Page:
After the trench walls are cleaned, gridding is performed taking into consideration detailed geological features within the trench. In gridding, a grid interval of 1 m2 is generally accepted as standard (McCalpin, 2009). After gridding the opposite walls in same scale the stratigraphic levels and displacement figures on the walls are visually recorded and photographed. Logging can be conducted based on two principles: subjective and objective (Hatheway and Leighton, 1979). In subjective logging, the logger reflects his personal point of view in the trench log. As for the objective logging, in that, all sorts of details observed on trench walls are tried to be reflected in the trench log rather than the personal point of view. Although objective logging is possible in theory, in practice its application is difficult and most of the time not fit for purpose. For this reason, the logger must transfer paleoseismological details on the trench walls with an objective point of view adding some subjective interpretation. Three methods are used in trench logging. These are: manual trench logging, electronic trench logging and photomosaic trench logging (McCalpin, 2009). These methods have numerous advantages and disadvantages compared to each other (for further detail, see McCalpin, 2009).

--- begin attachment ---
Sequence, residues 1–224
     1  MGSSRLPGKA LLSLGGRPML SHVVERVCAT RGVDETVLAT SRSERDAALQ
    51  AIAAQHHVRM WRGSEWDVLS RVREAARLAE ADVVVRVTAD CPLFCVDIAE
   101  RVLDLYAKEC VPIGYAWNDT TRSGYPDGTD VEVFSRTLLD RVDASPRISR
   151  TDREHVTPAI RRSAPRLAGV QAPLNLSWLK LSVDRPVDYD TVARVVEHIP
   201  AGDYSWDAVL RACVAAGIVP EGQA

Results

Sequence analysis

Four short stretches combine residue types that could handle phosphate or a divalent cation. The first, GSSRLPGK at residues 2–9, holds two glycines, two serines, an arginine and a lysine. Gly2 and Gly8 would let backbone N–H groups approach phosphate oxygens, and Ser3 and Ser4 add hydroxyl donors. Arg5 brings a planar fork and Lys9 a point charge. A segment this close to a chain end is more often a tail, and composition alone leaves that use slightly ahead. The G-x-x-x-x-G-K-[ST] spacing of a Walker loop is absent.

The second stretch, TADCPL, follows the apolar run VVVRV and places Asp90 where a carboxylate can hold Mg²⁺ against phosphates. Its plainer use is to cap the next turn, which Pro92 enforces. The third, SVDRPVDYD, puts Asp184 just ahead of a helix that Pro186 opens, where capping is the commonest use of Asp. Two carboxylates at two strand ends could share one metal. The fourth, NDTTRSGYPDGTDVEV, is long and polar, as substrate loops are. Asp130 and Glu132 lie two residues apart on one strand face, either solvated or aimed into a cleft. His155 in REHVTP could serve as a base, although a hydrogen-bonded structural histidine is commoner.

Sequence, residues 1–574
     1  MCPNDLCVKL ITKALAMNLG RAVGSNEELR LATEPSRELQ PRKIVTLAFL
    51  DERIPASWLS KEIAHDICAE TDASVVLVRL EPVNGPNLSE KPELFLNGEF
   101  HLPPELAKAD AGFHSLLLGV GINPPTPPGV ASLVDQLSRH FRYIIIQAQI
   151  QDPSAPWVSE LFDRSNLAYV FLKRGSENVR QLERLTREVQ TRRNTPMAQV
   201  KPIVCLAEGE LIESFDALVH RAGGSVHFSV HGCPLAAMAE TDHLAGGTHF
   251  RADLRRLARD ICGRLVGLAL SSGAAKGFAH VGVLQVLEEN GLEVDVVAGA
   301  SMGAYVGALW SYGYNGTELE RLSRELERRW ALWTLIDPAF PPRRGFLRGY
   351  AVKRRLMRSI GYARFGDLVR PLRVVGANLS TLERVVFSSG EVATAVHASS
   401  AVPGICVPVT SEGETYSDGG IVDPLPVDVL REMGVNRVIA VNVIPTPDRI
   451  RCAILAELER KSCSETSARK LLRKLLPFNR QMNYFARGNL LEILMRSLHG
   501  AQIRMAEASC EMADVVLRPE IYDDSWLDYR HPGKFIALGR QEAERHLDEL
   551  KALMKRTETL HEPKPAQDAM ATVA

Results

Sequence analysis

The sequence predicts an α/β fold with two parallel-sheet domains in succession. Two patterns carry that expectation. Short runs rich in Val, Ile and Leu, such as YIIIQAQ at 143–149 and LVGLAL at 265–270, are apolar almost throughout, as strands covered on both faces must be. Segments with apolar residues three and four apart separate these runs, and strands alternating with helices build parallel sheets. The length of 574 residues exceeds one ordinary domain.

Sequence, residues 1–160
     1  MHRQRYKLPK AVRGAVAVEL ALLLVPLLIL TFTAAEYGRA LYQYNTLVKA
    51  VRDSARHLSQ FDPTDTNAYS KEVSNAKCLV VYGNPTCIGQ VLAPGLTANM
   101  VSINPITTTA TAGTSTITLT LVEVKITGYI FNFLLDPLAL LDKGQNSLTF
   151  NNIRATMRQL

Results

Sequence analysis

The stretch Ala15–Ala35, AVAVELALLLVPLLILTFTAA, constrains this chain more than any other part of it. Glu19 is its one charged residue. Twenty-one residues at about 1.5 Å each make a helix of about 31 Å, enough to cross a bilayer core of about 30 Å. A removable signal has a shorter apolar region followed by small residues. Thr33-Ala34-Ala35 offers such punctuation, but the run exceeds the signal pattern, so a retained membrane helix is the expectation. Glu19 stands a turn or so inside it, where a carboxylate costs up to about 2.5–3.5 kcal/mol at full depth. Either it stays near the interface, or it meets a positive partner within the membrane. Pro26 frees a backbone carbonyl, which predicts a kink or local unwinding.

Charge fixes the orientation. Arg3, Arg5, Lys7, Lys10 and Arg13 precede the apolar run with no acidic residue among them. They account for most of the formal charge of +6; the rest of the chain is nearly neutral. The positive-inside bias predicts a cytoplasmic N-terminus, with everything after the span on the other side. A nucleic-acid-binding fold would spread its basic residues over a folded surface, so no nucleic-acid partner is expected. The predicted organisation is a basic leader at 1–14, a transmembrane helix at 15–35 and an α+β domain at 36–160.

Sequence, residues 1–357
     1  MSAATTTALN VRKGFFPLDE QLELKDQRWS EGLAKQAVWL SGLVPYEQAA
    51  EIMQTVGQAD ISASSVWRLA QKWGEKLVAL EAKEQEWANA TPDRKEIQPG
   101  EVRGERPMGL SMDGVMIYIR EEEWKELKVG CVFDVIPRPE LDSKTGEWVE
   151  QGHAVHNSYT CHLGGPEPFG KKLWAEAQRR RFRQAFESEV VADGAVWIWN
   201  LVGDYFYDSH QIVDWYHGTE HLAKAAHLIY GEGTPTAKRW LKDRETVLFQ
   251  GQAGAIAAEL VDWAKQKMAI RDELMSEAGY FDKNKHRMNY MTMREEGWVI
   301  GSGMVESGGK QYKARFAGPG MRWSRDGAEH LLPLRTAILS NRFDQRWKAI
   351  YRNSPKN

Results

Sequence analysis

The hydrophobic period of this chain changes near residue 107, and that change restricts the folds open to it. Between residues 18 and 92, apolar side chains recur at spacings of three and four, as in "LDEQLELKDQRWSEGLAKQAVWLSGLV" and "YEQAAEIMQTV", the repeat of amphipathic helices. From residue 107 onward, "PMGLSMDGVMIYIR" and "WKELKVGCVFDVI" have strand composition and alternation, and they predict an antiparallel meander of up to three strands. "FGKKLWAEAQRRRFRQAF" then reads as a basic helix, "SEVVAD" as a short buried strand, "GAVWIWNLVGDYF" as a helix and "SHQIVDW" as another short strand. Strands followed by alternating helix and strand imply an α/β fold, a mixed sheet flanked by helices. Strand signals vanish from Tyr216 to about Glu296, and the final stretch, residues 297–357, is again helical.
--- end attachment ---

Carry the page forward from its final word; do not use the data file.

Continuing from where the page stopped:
Trench logs are, after all, two dimensional figures that reflect the personal interpretation of the logger about that trench. In recent years, photomosaic trench logging technique started to be frequently applied in paleoseismology. Photomosaic trench logging technique is a fast and inexpensive method which minimizes the possible errors may be rised from drawing. However, this method remains inefficient in deep and benched trench excavations since it causes some image losts on photographs during stitching them together.
In this article, a new photographic method is suggested to be used for paleoseismological trench works and this method is named ‘PaleoseismologicalThree Dimensional Virtual Photography Method’. This method has been applied for the first time in the paleoseismological study conducted on the Tuz Gölü Fault Zone (Central Anatolia, Turkey).
2. Tuz Gölü Fault Zone – Akhisar-Kılıç segment